Chapter four offers a metacritical commentary on the use of Baudrillardian rhetoric as a critical method as well as on the construction of Baudrillard as a rhetorical theorist. Focusing on the relationship between method and theory in rhetorical criticism, I argue that rhetorical criticism is a productive enterprise and that existing explanations of this enterprise are insufficient because they abandon method. To better explain the method and theory dynamic that produces rhetorical criticism, I turn to Baudrillard's work on the model and the series in The System of Objects. After demonstrating method's affinity with the model and theory's affinity with the series, I argue that the distinction between the model and the series is a rhetorical distinction. With that distinction in mind, I offer a metacritical commentary about the ways in which rhetorical scholars have treated Baudrillard's writing and constructed him as a rhetorical theorist. To conclude my discussion, I turn to Baudrillard's own critical commentary about his rhetoric as it relates to his notion of the simulacrum. Analyzing his discussion of "the rhetoric of simulation" in The Perfect Crime, I argue that Baudrillard was indeed a rhetorical theorist in the most robust sense, since he engages with both theory and method.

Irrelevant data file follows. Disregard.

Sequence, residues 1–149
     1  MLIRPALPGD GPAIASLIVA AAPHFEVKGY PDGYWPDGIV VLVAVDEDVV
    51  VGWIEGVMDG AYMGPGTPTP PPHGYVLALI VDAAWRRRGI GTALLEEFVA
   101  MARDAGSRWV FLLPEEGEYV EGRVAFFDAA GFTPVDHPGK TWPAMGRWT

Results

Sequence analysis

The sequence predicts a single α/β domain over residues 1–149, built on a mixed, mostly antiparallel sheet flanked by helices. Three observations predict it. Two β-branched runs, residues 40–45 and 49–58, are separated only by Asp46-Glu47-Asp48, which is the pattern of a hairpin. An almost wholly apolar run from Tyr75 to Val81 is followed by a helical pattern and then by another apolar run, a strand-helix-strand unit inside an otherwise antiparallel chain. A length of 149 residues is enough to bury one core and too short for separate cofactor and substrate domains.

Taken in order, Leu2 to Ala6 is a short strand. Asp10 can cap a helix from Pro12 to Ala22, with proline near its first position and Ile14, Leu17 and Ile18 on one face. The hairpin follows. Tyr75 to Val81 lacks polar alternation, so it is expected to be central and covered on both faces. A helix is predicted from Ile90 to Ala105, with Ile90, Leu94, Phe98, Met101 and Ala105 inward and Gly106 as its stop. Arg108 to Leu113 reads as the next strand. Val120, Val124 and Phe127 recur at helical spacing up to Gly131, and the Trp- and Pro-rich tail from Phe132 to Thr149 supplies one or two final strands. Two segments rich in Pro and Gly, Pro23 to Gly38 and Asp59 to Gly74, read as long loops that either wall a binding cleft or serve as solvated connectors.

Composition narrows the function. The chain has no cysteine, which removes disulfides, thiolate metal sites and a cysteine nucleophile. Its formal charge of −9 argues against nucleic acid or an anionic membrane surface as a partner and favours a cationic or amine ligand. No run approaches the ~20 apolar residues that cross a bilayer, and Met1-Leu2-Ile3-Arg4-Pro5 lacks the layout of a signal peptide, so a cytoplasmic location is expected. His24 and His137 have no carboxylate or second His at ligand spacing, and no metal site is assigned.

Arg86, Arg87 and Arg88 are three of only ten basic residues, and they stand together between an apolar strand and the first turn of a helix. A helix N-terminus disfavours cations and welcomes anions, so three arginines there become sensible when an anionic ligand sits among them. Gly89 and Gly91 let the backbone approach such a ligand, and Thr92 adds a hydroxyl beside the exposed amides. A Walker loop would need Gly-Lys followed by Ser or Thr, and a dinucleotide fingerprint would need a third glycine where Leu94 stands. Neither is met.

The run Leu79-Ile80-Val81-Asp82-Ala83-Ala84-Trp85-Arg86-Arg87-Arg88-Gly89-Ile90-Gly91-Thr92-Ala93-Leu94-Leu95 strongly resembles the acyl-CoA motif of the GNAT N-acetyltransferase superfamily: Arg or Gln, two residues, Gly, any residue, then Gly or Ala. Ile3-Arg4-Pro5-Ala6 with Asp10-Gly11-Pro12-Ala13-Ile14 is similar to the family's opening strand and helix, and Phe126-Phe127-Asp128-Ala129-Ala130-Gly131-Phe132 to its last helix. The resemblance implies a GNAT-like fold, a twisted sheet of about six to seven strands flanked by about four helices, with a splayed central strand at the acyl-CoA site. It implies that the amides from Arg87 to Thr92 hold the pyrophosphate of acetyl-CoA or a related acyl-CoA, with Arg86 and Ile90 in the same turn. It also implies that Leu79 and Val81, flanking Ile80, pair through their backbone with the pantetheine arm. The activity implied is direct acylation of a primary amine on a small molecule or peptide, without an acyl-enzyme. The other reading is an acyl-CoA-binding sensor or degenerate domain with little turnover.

Chapter five argues that critics should consider rhetorical method to be as important to rhetoric as ethos. To support this argument, I examine two instances of criticism which involved unflattering obituaries and their responses: Jonathan Kandell's 2004 obituary of Jacques Derrida and Carlin Romano's 2007 obituary of Jean Baudrillard. I, first, analyze these obituaries in accordance with a conventional understanding of rhetoric as representation and, second, in accordance with each theorist's rhetorical method. While conventional responses to these obituaries could repudiate them for their negative tones and nasty messages, I contend that both theorists actually sanction these admittedly distasteful texts. In other words, the unconventional approaches of both rhetorical theorists to writing—namely, the Derridian différance and the Baudrillardian fatal strategies—seem to endorse the respective obituaries. I argue that these obituaries further suggest two new models of obituary writing, both of which are grounded in revised understandings of poststructuralist epideictic rhetoric: (1) a Derridian model that exposes the inadequacy of the contextual component of epideictic rhetoric; and, (2) A Baudrillardian model that revises the relationship between epideictic rhetoric and the value contemporary society places upon vitality.